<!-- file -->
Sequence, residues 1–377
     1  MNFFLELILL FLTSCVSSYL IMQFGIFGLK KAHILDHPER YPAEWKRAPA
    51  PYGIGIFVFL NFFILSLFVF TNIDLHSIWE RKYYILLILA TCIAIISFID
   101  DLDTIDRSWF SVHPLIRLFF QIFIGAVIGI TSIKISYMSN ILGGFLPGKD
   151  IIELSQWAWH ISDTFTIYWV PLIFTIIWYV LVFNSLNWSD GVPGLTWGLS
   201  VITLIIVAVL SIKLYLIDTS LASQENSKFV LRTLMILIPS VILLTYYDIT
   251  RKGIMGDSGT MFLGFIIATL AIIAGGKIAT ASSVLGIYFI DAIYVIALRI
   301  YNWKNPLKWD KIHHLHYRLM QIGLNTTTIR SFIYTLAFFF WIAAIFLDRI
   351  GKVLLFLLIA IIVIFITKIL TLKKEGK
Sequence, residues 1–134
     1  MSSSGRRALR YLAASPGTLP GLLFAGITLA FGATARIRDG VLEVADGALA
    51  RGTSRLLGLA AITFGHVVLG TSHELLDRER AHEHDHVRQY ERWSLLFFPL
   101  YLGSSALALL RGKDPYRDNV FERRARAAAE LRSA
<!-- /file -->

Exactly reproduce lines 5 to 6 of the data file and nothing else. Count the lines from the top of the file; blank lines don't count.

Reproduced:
   151  IIELSQWAWH ISDTFTIYWV PLIFTIIWYV LVFNSLNWSD GVPGLTWGLS
   201  VITLIIVAVL SIKLYLIDTS LASQENSKFV LRTLMILIPS VILLTYYDIT